Consumers from around California spent Saturday afternoon at Hutchins Street Square sampling wines from around the world and giving their frank assessment of what they tasted.
The Consumer Wine Awards at Lodi enables those who would purchase wines in a restaurant or grocery store to vote on it, said G.M. "Pooch" Pucilowski, head of judging and wine submissions for the event. Vintners are always looking to understand a consumer's taste preferences, and Saturday's event helps consumers and winemakers engage each other.
"Even though consumers can be more casual tasters, the winemakers are very interested in their feedback because they are the ones who pay money to buy the wines," he said.
While the Consumer Wine Awards is a series of tasting events that have been held for the past five years, 2011 marks the second year it has been held in Lodi. It is designed to refine and improve the consumer wine evaluation process. This year featured a noticeable increase in participation from wineries, Pucilowski said.
"We set a new record this year with almost 700 wines," he said. "Last year we had about 540."
To become an evaluator, consumers must take a survey on the Consumer Wine Awards website. The questions revolve around the individual's taste preferences and help determine what kinds of wine they will be tasting during the event, said Pucilowski.
"If you like sweet whites, you will be evaluating sweet whites," he said.
Each evaluator rates the wines on a scale of 0 to 7 and tastes about 30 during a two-hour shift. The glasses are given a four-digit code so the evaluators have no idea what company produced the wine or where its grapes are from.
"A 'seven' basically means an evaluator would leave right now to buy a bottle," Pucilowski said.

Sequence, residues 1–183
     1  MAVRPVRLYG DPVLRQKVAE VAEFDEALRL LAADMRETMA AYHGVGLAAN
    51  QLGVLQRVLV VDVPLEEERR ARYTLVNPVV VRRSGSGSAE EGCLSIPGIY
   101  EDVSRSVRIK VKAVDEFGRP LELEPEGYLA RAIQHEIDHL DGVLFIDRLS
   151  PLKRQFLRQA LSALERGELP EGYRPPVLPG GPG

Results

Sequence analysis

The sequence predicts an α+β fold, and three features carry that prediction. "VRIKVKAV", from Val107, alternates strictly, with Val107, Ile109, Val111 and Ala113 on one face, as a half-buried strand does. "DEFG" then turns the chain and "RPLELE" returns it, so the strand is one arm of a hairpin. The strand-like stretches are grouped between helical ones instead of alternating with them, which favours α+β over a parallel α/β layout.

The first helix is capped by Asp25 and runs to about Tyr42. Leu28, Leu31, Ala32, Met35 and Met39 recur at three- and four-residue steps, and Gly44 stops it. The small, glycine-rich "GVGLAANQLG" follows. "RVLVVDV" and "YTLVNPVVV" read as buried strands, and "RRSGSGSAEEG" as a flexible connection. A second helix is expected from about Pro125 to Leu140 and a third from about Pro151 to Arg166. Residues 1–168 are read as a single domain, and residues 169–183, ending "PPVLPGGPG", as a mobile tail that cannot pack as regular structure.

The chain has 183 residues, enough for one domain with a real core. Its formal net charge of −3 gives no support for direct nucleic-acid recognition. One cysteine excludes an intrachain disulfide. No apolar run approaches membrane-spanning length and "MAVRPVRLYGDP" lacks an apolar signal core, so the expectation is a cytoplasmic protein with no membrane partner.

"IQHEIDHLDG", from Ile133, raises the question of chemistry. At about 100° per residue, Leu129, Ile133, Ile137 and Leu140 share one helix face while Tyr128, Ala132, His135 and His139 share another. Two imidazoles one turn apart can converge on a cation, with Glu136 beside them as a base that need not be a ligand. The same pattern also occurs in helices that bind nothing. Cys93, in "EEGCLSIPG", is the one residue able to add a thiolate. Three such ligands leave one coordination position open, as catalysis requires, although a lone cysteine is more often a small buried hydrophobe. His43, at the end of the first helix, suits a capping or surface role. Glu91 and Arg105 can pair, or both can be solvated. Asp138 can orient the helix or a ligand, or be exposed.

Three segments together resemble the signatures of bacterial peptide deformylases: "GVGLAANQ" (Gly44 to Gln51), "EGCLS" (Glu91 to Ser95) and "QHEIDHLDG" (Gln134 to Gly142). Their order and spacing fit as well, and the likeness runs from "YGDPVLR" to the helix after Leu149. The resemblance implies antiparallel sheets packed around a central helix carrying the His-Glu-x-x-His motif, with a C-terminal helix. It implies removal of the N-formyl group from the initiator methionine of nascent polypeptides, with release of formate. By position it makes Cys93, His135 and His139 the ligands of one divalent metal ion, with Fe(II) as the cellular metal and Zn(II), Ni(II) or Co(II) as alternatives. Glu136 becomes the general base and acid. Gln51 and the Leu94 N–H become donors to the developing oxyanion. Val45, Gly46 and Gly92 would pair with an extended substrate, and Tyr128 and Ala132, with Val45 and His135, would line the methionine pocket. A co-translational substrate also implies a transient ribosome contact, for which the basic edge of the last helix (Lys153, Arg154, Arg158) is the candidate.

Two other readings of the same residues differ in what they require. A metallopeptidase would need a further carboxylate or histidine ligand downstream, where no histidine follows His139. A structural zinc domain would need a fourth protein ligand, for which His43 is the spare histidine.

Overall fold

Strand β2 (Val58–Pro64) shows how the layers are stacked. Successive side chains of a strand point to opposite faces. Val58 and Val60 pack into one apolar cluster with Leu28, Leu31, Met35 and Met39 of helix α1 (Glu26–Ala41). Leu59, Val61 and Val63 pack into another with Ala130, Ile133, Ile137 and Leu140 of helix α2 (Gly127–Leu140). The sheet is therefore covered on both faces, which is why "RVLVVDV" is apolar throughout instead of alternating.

Davis resident Stacy Gagnon was tasting Zinfandels during his session as an evaluator. Gagnon was an evaluator last year and said the wines he sampled this time around didn't impress him as much overall.
"I'm looking for an overly peppery fruit bomb," he said. "But the stuff that tastes too much like cherry isn't for me."
Gagnon did give the highest marks possible to one wine he tasted and said he was looking forward to the event's after party so he could see which one it was.
Even though the event centered around tasting and grading wine, one exhibit focused on the individual consumer's sense of smell. Sensory Sciences, LLC, a Cincinnati-based medical research company, had a "Wine Aroma Identification" test available for evaluators. The test features 12 separate fragrances and asks the user to identify the smell and rate it on both its intensity and pleasantness.
"It helps them hone in on their taste preferences," said Bruce Johnson, president of Sensory Sciences, LLC. "It's just one piece of the puzzle."
The competition is a charitable event hosted by Diversity Wine Awards LLC, and the Lodi-Tokay Rotary Club. Proceeds from the event will be donated back the community. Tree Lodi and the Lodi Arts Commission are two groups the Lodi-Tokay Rotary Club donates to, said Rotarian Mark Hamilton.
Hamilton was one of about 100 volunteers for Saturday's event. The volunteers began setup up at 7 a.m. and would help calculate results, pour wine and attend to the needs of evaluators throughout the day. The official results will be available later this week, said Pucilowski. An award ceremony for the highest-rated wines will be held May 6 at Hutchins Street Square.
Contact reporter Jordan Guinn at email@example.com.